“We can’t loiter in digital spaces, but just uncomfortably exist.”
This evocative statement continues to haunt me two days after a bunch of us met this month in Delhi to explore a new concept. We were a mixed bag of different genders and sexualities: disability activists, technologists, researchers, digital entrepreneurs. Some came with canes or wheelchairs, some came with less visible disabilities, some came as allies, and some came out of interest.
It didn’t seem like we had come together to discuss loitering, let alone loitering online. We had gathered to talk about digital self-determination for people with disabilities; a big concept that we broke down by focusing on its core component: the self. How can I be my self in digital spaces – from dating apps to digital payment systems? What gives me more of a sense of self in these spaces? How can design, technology and policy contribute to helping me determine myself in digital spaces?
But if we look below the hood, we were – not just in a sense, but truly, actually – talking about loitering. For what is loitering if not the act of freely occupying and wandering through digital spaces as ourselves, who we are, including spaces of desire, romance, sex and pleasure? Of determining ourselves online? A queer disabled woman talked of uncomfortably navigating dating apps, where there are no markers for disability. The absence of markers is itself a form of exclusion, putting the onus on the individual to make decisions about ‘unmarked’ attributes. (Are you even counted if you’re not marked?) Should you reveal your crutch? Should you bury your identity as a person of marginalised gender and ability? What language, what tone should you use in your profile?
This reminded me of a wonderful short essay I had read on navigating Tinder with an identifiable disability. In that essay, Tony Kurian, who is visually-impaired, raises the same dilemma. “The first obvious question was – should I mention my disability upfront, or should I give the prospective date some time to understand me, and then disclose the disability?” Tony decides to mention that he is blind in his profile, realising in the process that he is asserting his sense of self. “By creating a Tinder profile, and mentioning my disability on it, I was making a statement that I was, in fact, a potential date. I was declaring that I was worth dating.”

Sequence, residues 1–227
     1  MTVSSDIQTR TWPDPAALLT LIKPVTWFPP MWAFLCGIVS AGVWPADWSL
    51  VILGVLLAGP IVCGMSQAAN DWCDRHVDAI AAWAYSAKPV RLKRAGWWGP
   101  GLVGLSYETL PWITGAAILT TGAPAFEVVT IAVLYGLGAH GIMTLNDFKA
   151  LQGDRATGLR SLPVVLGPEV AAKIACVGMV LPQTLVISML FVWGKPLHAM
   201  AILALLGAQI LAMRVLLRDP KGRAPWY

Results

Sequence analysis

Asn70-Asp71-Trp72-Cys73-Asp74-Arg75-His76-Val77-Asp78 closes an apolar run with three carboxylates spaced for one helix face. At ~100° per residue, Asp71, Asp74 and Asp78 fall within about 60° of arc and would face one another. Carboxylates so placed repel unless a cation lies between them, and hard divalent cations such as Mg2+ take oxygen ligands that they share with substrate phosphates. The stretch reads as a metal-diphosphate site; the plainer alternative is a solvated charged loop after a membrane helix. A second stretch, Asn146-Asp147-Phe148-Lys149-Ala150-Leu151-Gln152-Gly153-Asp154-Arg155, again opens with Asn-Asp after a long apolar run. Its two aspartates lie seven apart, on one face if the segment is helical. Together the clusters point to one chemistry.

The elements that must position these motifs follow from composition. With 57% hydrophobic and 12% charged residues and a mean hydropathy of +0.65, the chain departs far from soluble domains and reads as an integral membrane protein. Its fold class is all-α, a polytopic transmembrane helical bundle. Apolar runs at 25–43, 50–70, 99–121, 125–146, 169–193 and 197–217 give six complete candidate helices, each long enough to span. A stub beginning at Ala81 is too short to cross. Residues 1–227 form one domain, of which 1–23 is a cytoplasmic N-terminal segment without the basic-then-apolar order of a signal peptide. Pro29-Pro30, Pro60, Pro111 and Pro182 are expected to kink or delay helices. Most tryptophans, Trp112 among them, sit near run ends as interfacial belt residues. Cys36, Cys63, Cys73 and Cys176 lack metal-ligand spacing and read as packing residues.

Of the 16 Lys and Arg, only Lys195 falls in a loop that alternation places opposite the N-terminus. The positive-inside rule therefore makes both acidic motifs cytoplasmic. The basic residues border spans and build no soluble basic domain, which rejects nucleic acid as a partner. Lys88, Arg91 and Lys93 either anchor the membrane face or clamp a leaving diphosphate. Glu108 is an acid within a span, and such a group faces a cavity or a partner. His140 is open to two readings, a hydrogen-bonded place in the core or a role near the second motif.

Back at our meeting, a participant talked about a friend, a trans woman pre-transition who wouldn’t get any matches when she put photos of herself, as she was, on dating apps. But when she used Artificial Intelligence to make more binary images of herself, she started getting many matches. Again, what does this tell us about being able to determine one’s body or self online? As the conversation unfolded, we started to understand how digital infrastructures – which are often heterosexual, binary, and ableist in their design and features – subtly shape and build social norms, indicating who counts in these spaces or who these spaces have been created for.
“There is so much validation and desirability that a lot of us crave but have not been given,” said a participant. “We’re ashamed of our disabled trans bodies, but dating apps also bury it in a way. It’s bittersweet being in a world where you are expected to move and talk and exist in a non-disabled way. How do we navigate that?”